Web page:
The communities of Lakewood and North Village I and II will be undergoing an extreme makeover beginning late this fall.
The rehabilitation project will include renovating the homes in all three developments, changing names around and adding a community center for residents and their children to use.
"We are reconstructing everything," said Lorraine Lake, the property manager of all three developments. "They will look completely different than what they do today."
The decision to carry out the nearly two-year long project came from the developments' new owner, Milford Housing.
Lake said that the completion date is sometime in February or March of 2014.
During the renovations, residents will be placed in either vacant properties or Lake said that they will find them comparable housing.
Once everything is completed though, residents will have to reapply and re-qualify to live in what will then be called North Lake Village I and North Lake Village II.
Lake said that the upgrades are very much needed.
"This will bring it up to the current century," she said. "A lot of rehabilitations are being done through out the state."
In the past five years since Lake became property manager for the three communities, she said that the area has had a positive turn around.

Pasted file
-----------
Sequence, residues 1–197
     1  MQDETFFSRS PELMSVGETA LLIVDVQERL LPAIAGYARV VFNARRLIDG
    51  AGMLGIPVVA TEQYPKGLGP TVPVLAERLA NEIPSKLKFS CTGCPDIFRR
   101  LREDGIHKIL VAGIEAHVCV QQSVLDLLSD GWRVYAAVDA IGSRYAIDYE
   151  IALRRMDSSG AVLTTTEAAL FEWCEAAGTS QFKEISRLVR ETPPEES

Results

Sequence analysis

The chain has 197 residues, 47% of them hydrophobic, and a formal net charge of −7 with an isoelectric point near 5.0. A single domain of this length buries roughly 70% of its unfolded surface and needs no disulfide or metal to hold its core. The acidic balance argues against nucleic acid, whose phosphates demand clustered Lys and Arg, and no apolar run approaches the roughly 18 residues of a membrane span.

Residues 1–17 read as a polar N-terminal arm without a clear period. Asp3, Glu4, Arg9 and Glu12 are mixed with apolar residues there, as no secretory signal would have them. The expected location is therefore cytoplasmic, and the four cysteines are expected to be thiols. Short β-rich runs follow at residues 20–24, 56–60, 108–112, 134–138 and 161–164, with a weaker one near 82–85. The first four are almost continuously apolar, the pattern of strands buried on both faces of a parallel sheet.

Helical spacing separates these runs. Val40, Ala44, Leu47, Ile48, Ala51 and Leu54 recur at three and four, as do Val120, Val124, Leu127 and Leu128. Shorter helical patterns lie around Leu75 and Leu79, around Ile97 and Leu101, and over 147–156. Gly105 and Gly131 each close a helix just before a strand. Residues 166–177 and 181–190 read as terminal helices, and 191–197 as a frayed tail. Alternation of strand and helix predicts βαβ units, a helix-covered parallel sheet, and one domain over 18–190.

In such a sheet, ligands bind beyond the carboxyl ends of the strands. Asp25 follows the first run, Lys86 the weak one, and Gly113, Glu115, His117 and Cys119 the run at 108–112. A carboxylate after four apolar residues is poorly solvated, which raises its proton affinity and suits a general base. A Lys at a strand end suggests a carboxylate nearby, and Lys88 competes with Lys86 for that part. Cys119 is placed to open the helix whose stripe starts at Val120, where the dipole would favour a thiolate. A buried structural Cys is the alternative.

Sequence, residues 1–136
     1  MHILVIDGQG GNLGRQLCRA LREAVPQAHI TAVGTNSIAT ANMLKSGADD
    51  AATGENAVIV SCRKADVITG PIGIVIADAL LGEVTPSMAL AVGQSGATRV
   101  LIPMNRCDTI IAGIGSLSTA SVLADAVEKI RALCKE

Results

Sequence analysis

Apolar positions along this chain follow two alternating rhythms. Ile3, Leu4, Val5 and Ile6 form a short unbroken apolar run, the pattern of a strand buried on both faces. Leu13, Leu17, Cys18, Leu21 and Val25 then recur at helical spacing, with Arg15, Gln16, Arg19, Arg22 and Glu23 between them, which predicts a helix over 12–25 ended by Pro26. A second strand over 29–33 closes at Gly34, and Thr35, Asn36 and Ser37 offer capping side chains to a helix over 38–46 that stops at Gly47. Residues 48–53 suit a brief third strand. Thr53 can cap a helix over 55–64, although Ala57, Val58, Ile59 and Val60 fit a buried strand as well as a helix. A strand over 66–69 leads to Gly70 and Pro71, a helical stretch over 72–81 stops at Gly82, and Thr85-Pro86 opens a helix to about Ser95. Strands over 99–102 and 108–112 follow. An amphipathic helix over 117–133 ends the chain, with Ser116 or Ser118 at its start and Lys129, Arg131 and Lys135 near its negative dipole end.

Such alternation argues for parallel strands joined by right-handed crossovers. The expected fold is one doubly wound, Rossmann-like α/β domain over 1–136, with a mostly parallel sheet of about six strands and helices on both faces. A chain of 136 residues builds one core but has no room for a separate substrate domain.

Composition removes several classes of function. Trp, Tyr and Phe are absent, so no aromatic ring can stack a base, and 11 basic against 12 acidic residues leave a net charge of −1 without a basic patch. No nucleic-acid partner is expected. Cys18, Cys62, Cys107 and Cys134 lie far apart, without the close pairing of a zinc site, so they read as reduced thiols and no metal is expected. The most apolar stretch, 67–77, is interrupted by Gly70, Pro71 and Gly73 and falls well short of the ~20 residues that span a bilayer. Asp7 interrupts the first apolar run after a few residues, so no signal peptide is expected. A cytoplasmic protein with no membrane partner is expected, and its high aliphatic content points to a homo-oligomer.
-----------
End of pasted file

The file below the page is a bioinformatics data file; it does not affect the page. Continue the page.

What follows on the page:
"It has improved due in part with Middletown Police," she said. "We work together to keep the crime down with the main goal being safety."
When Lake first arrived to her job, she said that there were a lot of criminals hanging out in the area.
"It wasn't so much the tenants," she said.
Over the years, there has been a tremendous change.
Lake said that they evicted residents who were harboring criminals and that the community worked with Middletown Police to make sure necessary arrests were made to get them off of the street.
The area of Lakewood will be rehabilitated first, followed by North Village I and then North Village II.
"They're also constructing a new office with a community center that will be next to North Lake Village II," Lake said. "We've very excited."
There are about 50 units in the communities right now. After the project, there will still be tax credits.
The current structures will either be demolished or will be stripped down to the frame and rebuilt.
"My main thing is that it's going to be a better opportunity for low income residents" Lake said. "It will bring about more safety for the children and more fun for them."
A new playground will be built for the communities, the community center will have a computer room and there will be full security on hand at all times.